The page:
Amal, the name in Arabic means “Hope.” This gorgeous new restaurant, offering authentic, modern Lebanese cuisine, has been created by the dynamic duo of Charles Khabouth and Danny Soberano.
Entering the sculpted white doors to Amal (Am-Elle) at a “family and friends” preview last night, my first impression is of a glorious ambiance of white interior design with a mural painted ceiling that adds a flattering glow to guests. The lighting is extraordinarily clever. It highlights the bursts of pale blues so reminiscent of the region, and makes the extra-comfy, distanced seating look like we’re in an elegant spacious living room. Lebanese music wafts through the air, but does not interfere with conversation. We sit on the landscaped terrace, on an overstuffed white pillow banquette overlooking Bloor St. It’s when I settled in and sipped my Musar Jeune White wine blend from Lebanon, while my friend enjoyed his Musar Jeune Red blend that I make my decision. This is where I want to have my lunches and dinners until the snow flies.
Charles Khabouth and Danny Soberano believe that Toronto is eager for some new flavour twists. They travel to Lebanon, research the restaurant scene, and bring back Beirut-born executive Chef Rony Ghaleb. His cuisine is influenced by the many civilizations that historically swept through the region, with a menu that includes elevated Lebanese dips, cold and hot mezze, skewers, platters, carne and the plat du jour. His modern traditional menu is an homage to the culture, and offers a dizzying selection of flavours, textures and colours, all served by a charming staff who’ve eaten these dishes in their own mother’s kitchens. They joyfully guide us through the menu and make recommendations.
To choose one dish from every section is impossible, but we try. A sampler of three dips comes with a tray of puffy pita straight from the oven. Lebanese Hummus has its own character, and this chickpea puree with tahini and lemon wearing a cap of whole peas is so pleasing. My favorite is Baba Ghanoush, the roasted eggplant puree with tahini and lemon, while my friend is thrilled with the aggressive flavours of Muhammara, a dip of fire-roasted red pepper, strengthened by house spices and textured with walnuts. I agree with him when he says, “I could order this trio, a few glasses of wine, and spend a very happy few hours.” From the section called Starters, we’re encouraged to delve into the unknown: Crispy eggplant rounds, with a dip of yogurt, compressed cucumbers and mint is interesting, but it’s the Truffle Rakakat that I’ll come back for. These puff pastry “cigars” are filled with cheeses and mint, with the ends dipped in honey and Pistachios. At this point, I could happily call it day, and have my coffee, but we soldier on through the culinary delights of the menu. Cold Mezze lists a half dozen exotic selections, but this time we will go with the familiar Tabbouleh, a refreshing chopped salad of parsley, mint, tomatoes, onions, piqued with an olive oil/lemon emulsion.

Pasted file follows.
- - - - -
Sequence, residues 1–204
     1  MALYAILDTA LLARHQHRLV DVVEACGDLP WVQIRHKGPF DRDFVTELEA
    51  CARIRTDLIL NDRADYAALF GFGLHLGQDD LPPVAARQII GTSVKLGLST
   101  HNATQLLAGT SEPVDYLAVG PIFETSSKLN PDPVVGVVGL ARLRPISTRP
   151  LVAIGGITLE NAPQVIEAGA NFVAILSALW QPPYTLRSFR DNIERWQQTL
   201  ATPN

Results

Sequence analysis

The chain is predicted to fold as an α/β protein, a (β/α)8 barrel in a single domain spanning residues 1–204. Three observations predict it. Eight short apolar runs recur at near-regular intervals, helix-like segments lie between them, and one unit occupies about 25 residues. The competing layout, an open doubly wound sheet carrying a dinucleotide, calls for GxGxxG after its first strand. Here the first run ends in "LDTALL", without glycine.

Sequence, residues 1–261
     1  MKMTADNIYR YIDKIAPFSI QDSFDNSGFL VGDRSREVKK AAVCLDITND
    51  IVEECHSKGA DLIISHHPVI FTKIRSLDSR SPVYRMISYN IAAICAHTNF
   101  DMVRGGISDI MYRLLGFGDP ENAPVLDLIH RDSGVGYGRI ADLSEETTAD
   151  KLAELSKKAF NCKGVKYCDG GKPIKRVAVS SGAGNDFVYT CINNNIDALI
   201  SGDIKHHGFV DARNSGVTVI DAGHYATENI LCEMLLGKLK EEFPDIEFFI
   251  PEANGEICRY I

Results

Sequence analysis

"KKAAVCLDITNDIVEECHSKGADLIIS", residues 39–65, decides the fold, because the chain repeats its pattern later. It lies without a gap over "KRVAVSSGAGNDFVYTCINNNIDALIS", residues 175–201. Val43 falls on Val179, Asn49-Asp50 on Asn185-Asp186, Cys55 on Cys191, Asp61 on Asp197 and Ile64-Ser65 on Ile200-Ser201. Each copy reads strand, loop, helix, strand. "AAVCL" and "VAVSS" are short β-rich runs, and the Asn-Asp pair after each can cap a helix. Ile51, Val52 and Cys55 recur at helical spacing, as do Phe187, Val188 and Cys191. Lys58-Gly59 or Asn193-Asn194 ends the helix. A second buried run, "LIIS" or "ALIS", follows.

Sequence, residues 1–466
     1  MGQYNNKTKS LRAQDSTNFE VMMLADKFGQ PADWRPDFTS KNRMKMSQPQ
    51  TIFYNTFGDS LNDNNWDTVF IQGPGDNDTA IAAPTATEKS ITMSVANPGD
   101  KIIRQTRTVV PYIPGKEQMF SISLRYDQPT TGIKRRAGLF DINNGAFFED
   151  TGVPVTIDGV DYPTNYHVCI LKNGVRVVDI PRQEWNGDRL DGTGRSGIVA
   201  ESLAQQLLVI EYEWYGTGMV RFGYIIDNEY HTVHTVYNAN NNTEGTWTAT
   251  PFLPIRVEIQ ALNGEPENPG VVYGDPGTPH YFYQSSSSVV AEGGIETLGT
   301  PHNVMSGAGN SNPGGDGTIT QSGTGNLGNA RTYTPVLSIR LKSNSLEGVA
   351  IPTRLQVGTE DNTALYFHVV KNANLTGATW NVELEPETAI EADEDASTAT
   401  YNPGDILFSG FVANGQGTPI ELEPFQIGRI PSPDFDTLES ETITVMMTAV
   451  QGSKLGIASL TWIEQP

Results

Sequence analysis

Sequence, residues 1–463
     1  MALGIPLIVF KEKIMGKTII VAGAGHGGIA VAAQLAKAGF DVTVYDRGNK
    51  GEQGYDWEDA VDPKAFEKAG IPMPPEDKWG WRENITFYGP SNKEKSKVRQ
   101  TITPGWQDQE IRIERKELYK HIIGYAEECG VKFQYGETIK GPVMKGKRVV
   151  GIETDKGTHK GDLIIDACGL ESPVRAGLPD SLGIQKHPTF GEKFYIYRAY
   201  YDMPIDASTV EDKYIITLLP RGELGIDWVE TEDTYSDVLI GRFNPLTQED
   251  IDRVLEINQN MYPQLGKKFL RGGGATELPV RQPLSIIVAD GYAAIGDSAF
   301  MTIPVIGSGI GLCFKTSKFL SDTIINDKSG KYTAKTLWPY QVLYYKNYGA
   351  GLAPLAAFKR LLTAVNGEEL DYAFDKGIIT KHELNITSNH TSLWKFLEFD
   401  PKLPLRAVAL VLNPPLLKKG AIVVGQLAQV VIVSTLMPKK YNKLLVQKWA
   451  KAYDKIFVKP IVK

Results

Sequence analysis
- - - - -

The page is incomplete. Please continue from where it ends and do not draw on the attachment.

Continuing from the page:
In Northern Lebanon, in the village of Bechealeh, there are 16 olive trees thought to be 6000 years old growing at an altitude of 1300 meters. They are claimed to be the source of the olive branch brought back to Noah by a bird, heralding the end of the flood. Next time, I’ll be ordering a dish of marinated olives with dried chili, citrus and bay leaves.
Vegetarians and Vegans will absolutely thrill to this menu! Roasted whole cauliflower with green tahini, hawaij spice, and feta; spicy potato cubes with garlic and coriander; Fattoush salad with Baby Gem lettuce as a base; Monk salad of roasted eggplant with pomegranate, garlic emulsion, and a brilliant grilled vegetable skewer. While the tables are too distanced to see clearly what our neighbors are enjoying, it all looks luscious and sparkles with freshness. Authenticity is key.
Skewers of roasted meats are a mainstay of this cuisine, each marinated in unique delicious herbs and spices. The Cherry Kabab, which is more than ample for sharing, is made with local minced beef, barbari, and carob molasses, and while we can’t put our finger on the exact seasonings, we don’t care, because the flavours of the spices elevate the ground beef. Surrounded by a frou frou of pita triangles slathered with muhammara, this skewer is excitement on a plate. I am intrigued by an entrée of broiled Icelandic Cod loin, blanketed in an exotic cilantro tahini, bejeweled with pine nuts and almonds, and partnered with a silver cup of wonderfully crisped French Fries. Chef Rony has a sense of humour with his fish ‘n chips.
The coffee is strong and the Baklava is sweet and nutty. And as the sun sinks in the West, the tiny patio lights come on, and seduce us to stay a little longer. Since we’ve been home-bound for some months, and now feel that it’s safe to step out a bit, Amal is the treat we all deserve. Wear your prettiest summer dress, bring your mask and enjoy Amal.
Opening to the public on Tuesday, August 18th
amaltoronto.com, 416-551-9929, The Colonnade, 131 Bloor Street W. 2nd floor.
Sara Waxman is an award-winning restaurant critic, best-selling cookbook author, food and travel journalist and has eaten her way through much of the free world for four decades, while writing about it in books, newspapers and magazines. She is the Editor in Chief of DINE and Destinations magazine.